When the health care reform law passed last year, I was both pleased (some action! Something at least marginally progressive!) and disappointed (let’s pick on women’s necessary reproductive health care and on immigrants! This is all about abortion! – because everything is, apparently). And of course, it’s no surprise that we have spent much of the last year hearing how the Affordable Care Act will bring on the death of America, democracy, our financial system, and of course, us (death panel, anyone?). Still, at least parts of it will likely survive to be implemented in 2014.
One of the most contentious aspects of the debate over reform related to insurance, and who should/could/must be covered under the new law. Should employers have to make sure all their employees are covered? Should insurance companies be prohibited from turning people down for coverage? And so on.
Being a history geek, I’ve long been intrigued both by how insurance came to be, and by how it used to operate compared to its current reality. I’ll spare you most of the details, though you can find some here, but what always impressed me was that when insurance was just becoming big business, out of the London coffeehouse of Edward Lloyd (yes, that Lloyd of London), it was a way for merchants and early venture capitalists to pool their money and cover the risks of a ship being lost at sea, with each participant deciding how much of the risk on a particular voyage he wanted to insure. Practical, fairly efficient, and quite workable. Notably, when ships were lost, the underwriters paid up.
Not so anymore. Now, insurance seems to be a way for corporations to make vast amounts of money and become ever more clever about not paying out. Yes, a generalization, but stick with me here. The insurance industry made $9.3 billion profit in just the first nine months of 2010, up an average 41% over 2009.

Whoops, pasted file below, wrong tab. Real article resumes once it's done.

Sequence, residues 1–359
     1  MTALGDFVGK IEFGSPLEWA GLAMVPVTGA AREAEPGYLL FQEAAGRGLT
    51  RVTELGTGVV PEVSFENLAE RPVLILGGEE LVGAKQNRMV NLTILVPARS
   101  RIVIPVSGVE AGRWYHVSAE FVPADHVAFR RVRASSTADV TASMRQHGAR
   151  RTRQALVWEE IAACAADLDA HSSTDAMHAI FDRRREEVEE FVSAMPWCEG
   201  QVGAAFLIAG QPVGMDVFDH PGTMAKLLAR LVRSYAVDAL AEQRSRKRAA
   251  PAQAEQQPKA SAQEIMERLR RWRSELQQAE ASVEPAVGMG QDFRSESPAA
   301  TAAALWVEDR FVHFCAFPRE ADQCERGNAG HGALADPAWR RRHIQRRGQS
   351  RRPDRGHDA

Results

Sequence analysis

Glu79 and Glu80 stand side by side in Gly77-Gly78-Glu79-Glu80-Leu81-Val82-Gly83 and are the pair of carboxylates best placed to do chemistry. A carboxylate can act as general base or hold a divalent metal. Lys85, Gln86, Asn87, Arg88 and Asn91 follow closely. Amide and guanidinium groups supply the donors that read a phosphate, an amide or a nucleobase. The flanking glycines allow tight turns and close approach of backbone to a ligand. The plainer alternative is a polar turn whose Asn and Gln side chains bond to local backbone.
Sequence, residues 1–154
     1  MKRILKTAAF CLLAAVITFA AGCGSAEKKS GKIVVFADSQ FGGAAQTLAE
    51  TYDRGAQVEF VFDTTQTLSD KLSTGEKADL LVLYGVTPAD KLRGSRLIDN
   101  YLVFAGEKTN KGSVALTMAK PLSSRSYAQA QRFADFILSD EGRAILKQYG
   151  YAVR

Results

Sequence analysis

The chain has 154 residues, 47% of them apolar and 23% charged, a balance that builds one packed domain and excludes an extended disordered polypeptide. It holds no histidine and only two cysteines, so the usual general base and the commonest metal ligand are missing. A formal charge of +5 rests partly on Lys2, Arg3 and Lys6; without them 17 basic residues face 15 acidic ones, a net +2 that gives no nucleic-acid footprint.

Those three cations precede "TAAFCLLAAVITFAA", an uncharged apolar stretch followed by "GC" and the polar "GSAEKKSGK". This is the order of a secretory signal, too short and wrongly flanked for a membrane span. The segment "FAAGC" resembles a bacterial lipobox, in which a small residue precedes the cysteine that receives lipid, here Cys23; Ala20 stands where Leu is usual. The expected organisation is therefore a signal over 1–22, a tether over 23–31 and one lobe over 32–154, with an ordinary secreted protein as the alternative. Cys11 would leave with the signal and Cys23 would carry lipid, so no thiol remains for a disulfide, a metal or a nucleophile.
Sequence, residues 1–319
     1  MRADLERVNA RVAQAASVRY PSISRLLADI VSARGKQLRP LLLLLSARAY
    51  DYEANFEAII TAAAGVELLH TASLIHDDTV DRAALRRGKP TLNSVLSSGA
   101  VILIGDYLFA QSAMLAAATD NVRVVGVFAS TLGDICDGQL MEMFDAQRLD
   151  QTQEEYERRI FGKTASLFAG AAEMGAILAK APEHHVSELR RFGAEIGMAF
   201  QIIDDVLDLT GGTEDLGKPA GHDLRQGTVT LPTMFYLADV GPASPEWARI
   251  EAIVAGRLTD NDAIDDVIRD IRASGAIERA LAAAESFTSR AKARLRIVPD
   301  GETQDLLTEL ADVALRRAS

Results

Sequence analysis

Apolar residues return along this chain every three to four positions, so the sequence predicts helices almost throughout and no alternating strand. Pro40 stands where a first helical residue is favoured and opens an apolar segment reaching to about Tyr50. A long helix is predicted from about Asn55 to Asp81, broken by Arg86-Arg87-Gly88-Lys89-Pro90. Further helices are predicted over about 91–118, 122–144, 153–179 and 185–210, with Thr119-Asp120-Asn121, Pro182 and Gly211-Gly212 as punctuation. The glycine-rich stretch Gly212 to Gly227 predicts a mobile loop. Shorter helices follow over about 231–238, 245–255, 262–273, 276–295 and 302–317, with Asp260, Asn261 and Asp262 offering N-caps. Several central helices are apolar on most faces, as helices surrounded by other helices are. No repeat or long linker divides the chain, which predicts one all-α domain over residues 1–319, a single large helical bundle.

As the director of a non-profit with only nine employees, which is basically a small business (we just put any ‘profit’ to work carrying out our mission), I have always been proud that we offer health care coverage to all our employees. We regard it as a basic worker right, much like paid sick and safe days, for which we are advocating in the City of Seattle. And we work hard to make sure it’s decent coverage, with women’s reproductive health care well-covered, a not-entirely outrageous deductible, reasonable co-pays, etc. We contribute to that $9.3 billion profit: $468 per month per employee for medical, plus $58 per month for dental, which adds up to more than $60,000 per year. And it’s worth it. Our colleagues are worth it.
You can imagine, then, how horrified – no, outraged – we all were to discover that our plan imposes a 9-month waiting period for any employee who starts working for us and has a pre-existing condition. For those of you wondering, the nine months is not a coincidence: it’s a common waiting period, and yes, companies do adopt it to avoid providing coverage for women during pregnancy. (Oh, to have that $9.3 billion to spend on women’s reproductive health care!)
Our employee who needs health care is not pregnant. My colleague has a long-standing condition that she manages carefully, working very hard to avoid getting seriously ill, having to go to the emergency room, or experiencing any of the other events that drive up the cost of health care. You would think our carrier would want to keep that responsible behavior going. Nope. Instead, my colleague must wait the full nine months before she gets any part of her ongoing health care management covered, paying out of pocket for her needed visits and medication. And as her employer we will pay $4,734 for ----------- NOTHING.
But wait: there’s more. A recent report by the Kaiser Family Foundation ranked states by the price of insurance rates per individual. Washington is in the third-highest paying group, though it’s ironic that the average in this state is still much lower than what we actually pay per employee. Even more ironic: the study’s authors conclude that some states have higher premiums because they make it easier for individuals with pre-existing conditions to get coverage. Except we pay more than the average in the most expensive states, and still, our colleague gets ---------- NOTHING.
Do I have the solution to this? I have several, and among the more printable are 1) universal health care/single payer system; 2) prohibit pre-existing condition exclusions sooner than 2014; 3) get another carrier. For now, we’re working on #3. How about you?